Against Purity: Rethinking Identity with Indian and Western by Irene Gedalof

By Irene Gedalof

This pioneering quantity opinions the paintings of 4 eminent western feminists - Rosi Bradiotti, Judith Butler, Donna Haraway and Luce Irigaray - and explores the connection among Indian and white western feminism. Pt. I. Indian issues. 1. ladies and group identities in Indian feminisms. 2. business enterprise, the self and the collective in Indian feminisms -- Pt. II. White Western feminisms and identification. three. Luce/loose connections: Luce Irigaray, sexual distinction, race and state. four. lady difficulty: Judith Butler and the destabilisation of sex/gender. five. 'All that counts is the going': Rosi Braidotti's nomadic topic. 6. Donna Haraway's promising monsters -- Pt. III. opposed to purity. 7. energy, id and impure areas. eight. Theorising girls in a postcolonial mode

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But, although Sarkar does not put it in these terms, because ‘Woman’ has to be the pure private space of home, and not just visit it as ‘Man’ does, women can never stand in the same relation to this ‘privatised’ public movement as its male participants and leaders do. Sarkar notes the tendency in nationalist literature to conceptualise home and women’s bodies as integrally linked, and as the one safe hiding-place for the national subject’s battered independence: Very often, an implicit continuum is postulated between the hidden, innermost private space, chastity, almost the sanctity of the vagina, [and] political independence at state level; as if, through a steady process of regression, this independent selfhood has been folded back from the public domain to the interior space of the household, and then further pushed back into the hidden depths of an inviolate, chaste, pure female body.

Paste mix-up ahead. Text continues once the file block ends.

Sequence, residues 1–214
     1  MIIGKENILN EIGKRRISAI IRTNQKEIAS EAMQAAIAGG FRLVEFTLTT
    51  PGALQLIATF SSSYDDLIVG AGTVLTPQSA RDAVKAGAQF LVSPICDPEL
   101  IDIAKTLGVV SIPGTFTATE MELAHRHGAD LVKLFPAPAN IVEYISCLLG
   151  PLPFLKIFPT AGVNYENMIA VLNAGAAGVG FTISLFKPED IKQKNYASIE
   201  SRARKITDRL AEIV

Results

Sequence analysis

Sarkar notes how, in some of the recent literature of the Hindu right, motherhood is ‘emptied of its customary emotional and affective load and is vested with a notion of heroic political instrumentality’ (Sarkar 1995:188). Communal women leaders take up the same strain of heroic mothers willing their children to die for the Hindu nation, and the rank and file mothers of the communal movements are mobilised as pivotal ‘political creatures and agents’ in the right’s bid for hegemony at the level of everyday relations, personal habit and domestic ritual and practice (1995:189).

The first of these is the nationalist opposition to British colonial rule through the nineteenth and the first half of the twentieth centuries. Women’s status and their participation in the proindependence struggle became key issues shaping the politics of the anti-colonialist period. But equally, contestations over definitions of the feminine, over the norms and ideals invested in ‘Woman’, and over the meanings to be read into women’s activities and feminised spheres of social life were to bear enormous symbolic weight in the emerging versions of the postcolonial Indian nation.

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